Fallout 4 is about "freedom", not being the "best looking game," says Bethesda

You can always count on the 'how many graphics?' crowd to have something to say about a game's look. Personally, I was quite pleased with Fallout 4's crisp and colourful new visuals, although that hasn't stopped some from having a pop at the finer details.

Not that it matters to Bethesda though, because that simply isn't what Fallout 4 is about anyway. "We push it visually as much as we can, while realising that we are not making a game just for the sake of having it be the best looking game out there," Bethesda's Pete Hines told me. As an example, he refers to Skyrim, "it’s not meant to be the most stunning RPG ever. That's not the stated goal," he explains. "We want this massive interactive world, where you can talk to people, choose your own path and everything in the world has meaning and is an actual object".

It's basically a balancing act. Sure, Bethesda want a good looking game, but also one where things physically exist. "Everything in the world [is] something tangible - you don’t walk into a room and see lots of stuff and it’s all fake. All the items are actual items," says Pete. "You set off a grenade in a room? It’s going to blow shit around and knock it all over the place. You have to spend cycles and stuff tracking where all of that went, and how it’s going to bounce around".

The practical upshot is that this creates, "almost limitless freedom". The Elder Scrolls games, in particular, are known for the sort of creativity you can only get in a game that let's you manhandle almost every object. Let's never forget Skyrim's creepy serial killer guy and his bookcase full of heads :

"It does allow for chaos but it also allows somebody to roll a thousand wheels of cheese down a hill in Skyrim. And you laugh, it’s fun," points out Pete. "You have that freedom and you also have a much better sense of place, because everything that you’re touching and picking up is real. These are real books and that’s a real apple. It’s not a picture of an apple that disappears from the world. You can pick it up from here and set it down over here".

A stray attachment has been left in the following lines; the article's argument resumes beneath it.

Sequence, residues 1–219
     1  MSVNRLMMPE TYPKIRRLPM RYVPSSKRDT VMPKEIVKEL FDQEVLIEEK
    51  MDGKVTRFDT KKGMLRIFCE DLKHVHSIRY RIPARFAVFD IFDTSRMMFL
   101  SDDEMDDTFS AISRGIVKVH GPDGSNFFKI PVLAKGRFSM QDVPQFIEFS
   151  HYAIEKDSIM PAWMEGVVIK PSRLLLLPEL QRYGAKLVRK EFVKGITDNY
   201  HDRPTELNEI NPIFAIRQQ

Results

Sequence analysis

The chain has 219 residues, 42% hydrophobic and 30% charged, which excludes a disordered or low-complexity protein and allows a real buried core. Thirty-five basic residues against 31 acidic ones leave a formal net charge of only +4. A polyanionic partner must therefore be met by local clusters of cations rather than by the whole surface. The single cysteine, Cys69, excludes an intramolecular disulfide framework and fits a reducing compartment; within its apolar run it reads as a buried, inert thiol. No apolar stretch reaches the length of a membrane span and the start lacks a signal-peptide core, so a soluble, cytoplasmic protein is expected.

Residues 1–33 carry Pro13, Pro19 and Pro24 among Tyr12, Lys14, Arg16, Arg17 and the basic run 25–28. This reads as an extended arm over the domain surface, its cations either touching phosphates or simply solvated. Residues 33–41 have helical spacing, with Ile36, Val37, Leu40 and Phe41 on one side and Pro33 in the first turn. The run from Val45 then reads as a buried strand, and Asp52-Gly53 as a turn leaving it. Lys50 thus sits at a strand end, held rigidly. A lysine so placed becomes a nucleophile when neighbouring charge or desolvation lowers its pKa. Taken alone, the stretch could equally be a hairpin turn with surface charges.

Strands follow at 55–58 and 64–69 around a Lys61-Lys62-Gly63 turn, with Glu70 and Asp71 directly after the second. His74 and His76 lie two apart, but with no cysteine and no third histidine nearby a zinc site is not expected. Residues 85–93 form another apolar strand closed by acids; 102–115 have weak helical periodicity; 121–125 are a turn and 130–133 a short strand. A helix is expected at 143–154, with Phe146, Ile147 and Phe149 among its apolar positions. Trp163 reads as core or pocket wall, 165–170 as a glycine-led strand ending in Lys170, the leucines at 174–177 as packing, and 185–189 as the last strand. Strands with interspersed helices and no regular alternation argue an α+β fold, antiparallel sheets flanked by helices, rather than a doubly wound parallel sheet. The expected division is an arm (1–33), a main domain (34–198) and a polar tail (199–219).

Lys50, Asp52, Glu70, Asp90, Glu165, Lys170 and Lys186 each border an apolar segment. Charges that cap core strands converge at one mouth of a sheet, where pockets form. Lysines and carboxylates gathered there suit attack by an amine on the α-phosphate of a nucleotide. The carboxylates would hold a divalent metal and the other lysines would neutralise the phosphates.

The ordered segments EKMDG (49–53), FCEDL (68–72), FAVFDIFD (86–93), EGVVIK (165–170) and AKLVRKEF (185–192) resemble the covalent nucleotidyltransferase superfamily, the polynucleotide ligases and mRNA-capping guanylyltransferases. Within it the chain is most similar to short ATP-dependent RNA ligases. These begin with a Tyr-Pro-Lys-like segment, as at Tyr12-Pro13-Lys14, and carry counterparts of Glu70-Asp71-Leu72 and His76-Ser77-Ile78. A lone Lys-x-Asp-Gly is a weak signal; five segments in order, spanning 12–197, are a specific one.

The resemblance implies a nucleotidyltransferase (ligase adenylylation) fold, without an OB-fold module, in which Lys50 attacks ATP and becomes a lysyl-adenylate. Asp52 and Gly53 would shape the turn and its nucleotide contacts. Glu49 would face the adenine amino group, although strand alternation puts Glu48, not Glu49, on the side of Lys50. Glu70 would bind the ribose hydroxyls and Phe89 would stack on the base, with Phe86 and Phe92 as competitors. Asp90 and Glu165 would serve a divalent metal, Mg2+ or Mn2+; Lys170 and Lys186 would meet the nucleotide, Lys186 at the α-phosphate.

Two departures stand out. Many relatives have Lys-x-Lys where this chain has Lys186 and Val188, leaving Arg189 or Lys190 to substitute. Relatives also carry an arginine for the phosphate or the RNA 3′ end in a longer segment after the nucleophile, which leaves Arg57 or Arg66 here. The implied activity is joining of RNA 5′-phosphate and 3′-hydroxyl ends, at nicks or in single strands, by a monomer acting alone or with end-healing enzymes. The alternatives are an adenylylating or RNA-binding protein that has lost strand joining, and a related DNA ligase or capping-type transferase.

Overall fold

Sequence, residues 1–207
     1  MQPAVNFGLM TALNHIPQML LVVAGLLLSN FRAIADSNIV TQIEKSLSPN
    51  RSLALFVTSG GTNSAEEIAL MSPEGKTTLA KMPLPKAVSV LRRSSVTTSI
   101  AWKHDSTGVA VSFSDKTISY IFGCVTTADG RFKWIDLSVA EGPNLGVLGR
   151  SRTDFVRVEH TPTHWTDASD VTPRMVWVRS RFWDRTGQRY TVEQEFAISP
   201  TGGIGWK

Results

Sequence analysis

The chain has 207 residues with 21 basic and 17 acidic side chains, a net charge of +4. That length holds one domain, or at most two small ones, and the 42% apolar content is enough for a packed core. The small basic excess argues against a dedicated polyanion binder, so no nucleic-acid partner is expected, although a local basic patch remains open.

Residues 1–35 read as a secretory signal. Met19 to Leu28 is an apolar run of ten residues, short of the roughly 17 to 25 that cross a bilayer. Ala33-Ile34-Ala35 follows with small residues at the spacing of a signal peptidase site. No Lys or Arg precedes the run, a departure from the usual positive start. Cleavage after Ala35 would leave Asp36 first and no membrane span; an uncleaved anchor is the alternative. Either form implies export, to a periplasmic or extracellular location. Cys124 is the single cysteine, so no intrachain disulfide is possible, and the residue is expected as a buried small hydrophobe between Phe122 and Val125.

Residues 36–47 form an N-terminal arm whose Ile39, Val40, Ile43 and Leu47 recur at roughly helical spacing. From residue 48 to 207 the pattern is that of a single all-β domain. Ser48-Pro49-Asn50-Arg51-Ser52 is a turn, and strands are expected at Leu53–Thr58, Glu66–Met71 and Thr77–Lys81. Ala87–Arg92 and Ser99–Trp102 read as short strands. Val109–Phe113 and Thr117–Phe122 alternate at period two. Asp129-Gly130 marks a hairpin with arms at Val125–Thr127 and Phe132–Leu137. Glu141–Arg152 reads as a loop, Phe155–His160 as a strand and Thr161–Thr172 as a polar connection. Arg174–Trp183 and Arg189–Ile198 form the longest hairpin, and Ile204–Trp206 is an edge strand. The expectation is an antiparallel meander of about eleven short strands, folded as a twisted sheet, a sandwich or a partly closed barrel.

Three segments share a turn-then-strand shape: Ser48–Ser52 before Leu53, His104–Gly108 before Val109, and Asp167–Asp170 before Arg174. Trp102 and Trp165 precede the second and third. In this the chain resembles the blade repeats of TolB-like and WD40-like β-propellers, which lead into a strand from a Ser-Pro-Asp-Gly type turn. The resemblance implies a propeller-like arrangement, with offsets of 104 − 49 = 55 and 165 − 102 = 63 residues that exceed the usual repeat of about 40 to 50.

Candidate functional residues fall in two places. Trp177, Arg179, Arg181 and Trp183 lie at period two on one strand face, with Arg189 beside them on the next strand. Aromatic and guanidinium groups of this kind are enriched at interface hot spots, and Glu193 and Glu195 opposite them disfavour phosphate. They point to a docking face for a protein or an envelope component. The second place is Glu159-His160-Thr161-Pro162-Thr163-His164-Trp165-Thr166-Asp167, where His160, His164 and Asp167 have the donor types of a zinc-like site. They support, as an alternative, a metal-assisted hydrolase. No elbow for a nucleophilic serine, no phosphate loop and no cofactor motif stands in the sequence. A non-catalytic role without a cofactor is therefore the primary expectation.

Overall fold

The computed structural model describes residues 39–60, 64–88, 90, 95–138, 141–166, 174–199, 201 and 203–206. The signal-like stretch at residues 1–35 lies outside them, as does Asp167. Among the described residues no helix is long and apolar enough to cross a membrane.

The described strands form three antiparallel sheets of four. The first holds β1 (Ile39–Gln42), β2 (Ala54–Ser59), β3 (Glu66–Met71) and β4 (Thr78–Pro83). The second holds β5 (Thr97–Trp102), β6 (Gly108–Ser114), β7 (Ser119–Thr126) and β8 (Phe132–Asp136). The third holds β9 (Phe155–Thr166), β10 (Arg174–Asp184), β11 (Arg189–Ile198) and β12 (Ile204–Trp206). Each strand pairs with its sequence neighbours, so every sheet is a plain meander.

It's that width of interactivity and potential that makes it unfair to compare Fallout 4 against something like Batman Arkham Knight (as a recent pretty game) when you're talking looks. "If you’re going to hold us up to any other game and compare us side by side then it had better be a game that does all the same things," states Pete. "If you can deconstruct and reconstruct the world in real time, in the game, and you can pick up every single item and it’s not just a texture then we can talk. Otherwise, well then it’s a bit apples and oranges".

Ultimately, it's all about the bigger picture. "We know what it is that we’re trying to do and it’s not just one thing," says Pete. "It is all of these parts that make a much bigger whole. It’s the interactivity, it is the visuals but the visuals without sacrificing all this other stuff".

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Leon Hurley
Managing editor for guides

I'm GamesRadar's Managing Editor for guides, which means I run GamesRadar's guides and tips content. I also write reviews, previews and features, largely about horror, action adventure, FPS and open world games. I previously worked on Kotaku, and the Official PlayStation Magazine and website.